Miranda had left the amber at home, locked away in a trunk and in a locked room.  She was always careful, more careful and regimented than anyone I knew, when it came to handling an item that she thought might be dangerous, or itself endangered.

Aside from her constantly mentioning that she was eager to get back and study the few items she had gathered on her jaunt through the woods of what was now her home county, Miranda was a happy visitor, and a gracious one.  I did end up allowing her to buy me a set of inks.  And she even bought Marta a tin of tea.

I may be revising my memory, with details I now know to be true.  But I think that even then, even in those first days, I had noticed a change in my sister.  A glow she had not had before.  I attributed it to being happily occupied with her pursuits, or happily married, or living away from the city.  Or being with child (though I didn’t think I would notice before she did.)    


Then it came time for me to visit her.

Her letters had been full of excitement and energy. 

I was shocked when she shambled toward me upon my arrival, smiling a pale and gaunt smile.

“Have you been ill?” I asked.

“I didn’t want to worry you.”

She’d been bedridden for a fortnight.  Maybe a few days longer. 

“I would have come to care for you,” I accused.

Her husband interjected.  “She forbade me from summoning you.”

Later, when Miranda went to her rest early, I confronted her husband.  “I have no right to speak to you in this manner in your own home, but you should have summoned me.”

He stiffened, then signed. “You have every right.  And yes, I should have.”

“Are you alright?  Have you caught her illness too?”  I reached out a hand to grasp his elbow.  He had grown suddenly pale. 

“I am not ill,” he said.  “Just worried.”

“I’m glad she has you,” I said.

He gave a weak smile.

I replied with a grin.  “You’re rich enough to afford the best doctors.”


Before I left, Miranda had recovered completely.  Her cheeks regained their color—indeed, they seemed to have gained some color they didn’t have before.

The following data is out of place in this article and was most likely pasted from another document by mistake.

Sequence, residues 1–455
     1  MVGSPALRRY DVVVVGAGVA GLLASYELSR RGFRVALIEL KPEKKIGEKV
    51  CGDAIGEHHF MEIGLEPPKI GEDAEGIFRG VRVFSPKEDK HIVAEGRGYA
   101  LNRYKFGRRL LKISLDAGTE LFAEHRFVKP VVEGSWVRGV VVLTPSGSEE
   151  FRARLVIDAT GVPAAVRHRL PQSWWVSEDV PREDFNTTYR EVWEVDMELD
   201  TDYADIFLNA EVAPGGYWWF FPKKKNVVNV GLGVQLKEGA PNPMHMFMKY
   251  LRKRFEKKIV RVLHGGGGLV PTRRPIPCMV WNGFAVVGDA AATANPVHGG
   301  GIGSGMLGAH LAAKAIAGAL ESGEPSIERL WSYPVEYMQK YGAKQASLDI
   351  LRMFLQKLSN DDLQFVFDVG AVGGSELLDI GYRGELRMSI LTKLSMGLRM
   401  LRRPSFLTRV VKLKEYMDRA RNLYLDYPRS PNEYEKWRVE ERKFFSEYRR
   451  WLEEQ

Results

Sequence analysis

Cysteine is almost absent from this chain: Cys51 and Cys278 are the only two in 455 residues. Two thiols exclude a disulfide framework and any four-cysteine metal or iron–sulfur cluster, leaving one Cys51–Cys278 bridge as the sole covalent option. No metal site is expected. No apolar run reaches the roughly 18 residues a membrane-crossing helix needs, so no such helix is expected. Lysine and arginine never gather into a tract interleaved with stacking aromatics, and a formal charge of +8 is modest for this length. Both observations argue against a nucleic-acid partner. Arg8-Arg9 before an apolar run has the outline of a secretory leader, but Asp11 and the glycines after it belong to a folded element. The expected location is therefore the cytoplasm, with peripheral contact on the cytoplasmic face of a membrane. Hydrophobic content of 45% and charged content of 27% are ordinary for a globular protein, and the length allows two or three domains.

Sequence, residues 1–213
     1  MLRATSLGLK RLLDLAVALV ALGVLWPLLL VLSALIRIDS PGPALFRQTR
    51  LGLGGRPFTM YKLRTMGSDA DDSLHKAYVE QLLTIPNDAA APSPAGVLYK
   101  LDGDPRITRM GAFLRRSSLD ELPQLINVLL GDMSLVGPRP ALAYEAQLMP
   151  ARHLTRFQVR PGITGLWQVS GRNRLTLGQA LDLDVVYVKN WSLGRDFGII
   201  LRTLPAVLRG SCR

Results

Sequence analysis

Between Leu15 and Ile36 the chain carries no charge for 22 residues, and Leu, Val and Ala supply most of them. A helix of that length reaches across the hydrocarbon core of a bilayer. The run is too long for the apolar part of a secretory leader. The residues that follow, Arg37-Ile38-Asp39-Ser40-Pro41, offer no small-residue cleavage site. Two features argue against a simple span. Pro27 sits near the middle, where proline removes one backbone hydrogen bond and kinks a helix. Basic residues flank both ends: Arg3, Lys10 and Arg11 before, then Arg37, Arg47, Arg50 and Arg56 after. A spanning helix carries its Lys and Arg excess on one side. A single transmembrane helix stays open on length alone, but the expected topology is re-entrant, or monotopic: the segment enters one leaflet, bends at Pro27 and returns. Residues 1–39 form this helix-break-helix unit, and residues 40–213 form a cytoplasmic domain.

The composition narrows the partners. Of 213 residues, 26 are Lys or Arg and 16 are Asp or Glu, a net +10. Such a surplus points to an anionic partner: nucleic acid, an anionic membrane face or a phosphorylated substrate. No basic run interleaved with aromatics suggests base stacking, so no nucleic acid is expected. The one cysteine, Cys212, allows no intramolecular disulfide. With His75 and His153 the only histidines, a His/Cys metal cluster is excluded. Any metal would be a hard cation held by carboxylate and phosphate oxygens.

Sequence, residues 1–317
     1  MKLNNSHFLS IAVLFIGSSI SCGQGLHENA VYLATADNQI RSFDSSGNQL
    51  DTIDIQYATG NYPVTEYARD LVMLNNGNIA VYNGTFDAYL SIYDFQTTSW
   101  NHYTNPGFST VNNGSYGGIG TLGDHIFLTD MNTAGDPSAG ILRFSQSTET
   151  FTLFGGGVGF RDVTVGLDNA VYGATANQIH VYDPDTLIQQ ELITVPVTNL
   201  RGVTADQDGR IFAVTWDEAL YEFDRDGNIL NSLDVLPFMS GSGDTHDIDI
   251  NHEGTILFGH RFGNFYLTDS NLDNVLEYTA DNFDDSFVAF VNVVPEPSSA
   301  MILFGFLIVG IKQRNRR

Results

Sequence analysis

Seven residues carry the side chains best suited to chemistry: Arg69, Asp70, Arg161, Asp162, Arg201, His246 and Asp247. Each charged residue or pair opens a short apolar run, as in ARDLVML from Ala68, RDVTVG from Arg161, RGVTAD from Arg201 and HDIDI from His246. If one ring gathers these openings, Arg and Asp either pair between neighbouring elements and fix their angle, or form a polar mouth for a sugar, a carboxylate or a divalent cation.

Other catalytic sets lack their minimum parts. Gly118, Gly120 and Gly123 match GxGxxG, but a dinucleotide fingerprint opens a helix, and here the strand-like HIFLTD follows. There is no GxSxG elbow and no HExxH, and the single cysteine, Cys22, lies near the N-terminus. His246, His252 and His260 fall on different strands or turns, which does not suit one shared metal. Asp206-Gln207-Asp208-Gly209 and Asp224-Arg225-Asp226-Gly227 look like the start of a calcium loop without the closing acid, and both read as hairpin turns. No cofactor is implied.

“Are you using rouge?” I asked one day. 

Her eyes sparkled as she turned to me, catching the midday sunlight like two tiger’s eye stones. 

“No, why, am I turned red?” She put a hand to her cheek, then to her forehead.

As she did, her hair, which she wore loose over her shoulders, shifted with a watery grace.  Locks floated slowly and settled softly on her shoulders.  Miranda’s hair was thick and heavy.  I’d never seen it float.

And every time she moved, I smelled some flowery scent that I couldn’t quite place.  I almost asked my sister if she were wearing perfume.  But if she was, it was well and good for her.  It meant she was truly feeling better.

“Did you know that the stars are so far away that by the time a given star’s light reaches our eyes, that star could have been dead for eons?” Miranda asked at dinner.

“I did not.”

“A somewhat sad thought, isn’t it, darling?” her husband commented.

“If its light lives, then perhaps the star lives,” I said.  “Bits of it reaching every corner of the cosmos.”

Miranda beamed at me.

“But to what end?” I added.  “If I were a star, I’d like to stay intact.”

Miranda cocked her head.  “Why do you assume that the star is no longer intact?”

“Are you saying, dear, that the star in question has not died, but simply…stretched its form?”

Miranda tipped a nod to us.  “No longer sad, is it?”

I laughed.  “No, now it’s simply strange.” 


I would later remember that conversation.

I would later remember the sparkle in my sister’s eye, and how I thought it was the light of the candles.

But the candlelight was yellow.

And the light in Miranda’s eyes…was blue.


I went home, back to my studies and back to my labors.

I sent my letters to Miranda.  And she sent her letters to me.  And she seemed well.  Her letters came more frequently than mine soon enough.  She was eager to tell me about her discoveries.  She had found some fossils, nothing new, but she was happy that she had recognized them.  And she’d been praised for her careful treatment of them.  They were some kind of birds, but also lizards.  I wouldn’t have quite understood even if she were showing and explaining every little thing to me, as I stood in the “laboratory” she had established in a spare and remote section of her house.

Of the amber, she said little.  There didn’t seem to be anything of interest about it.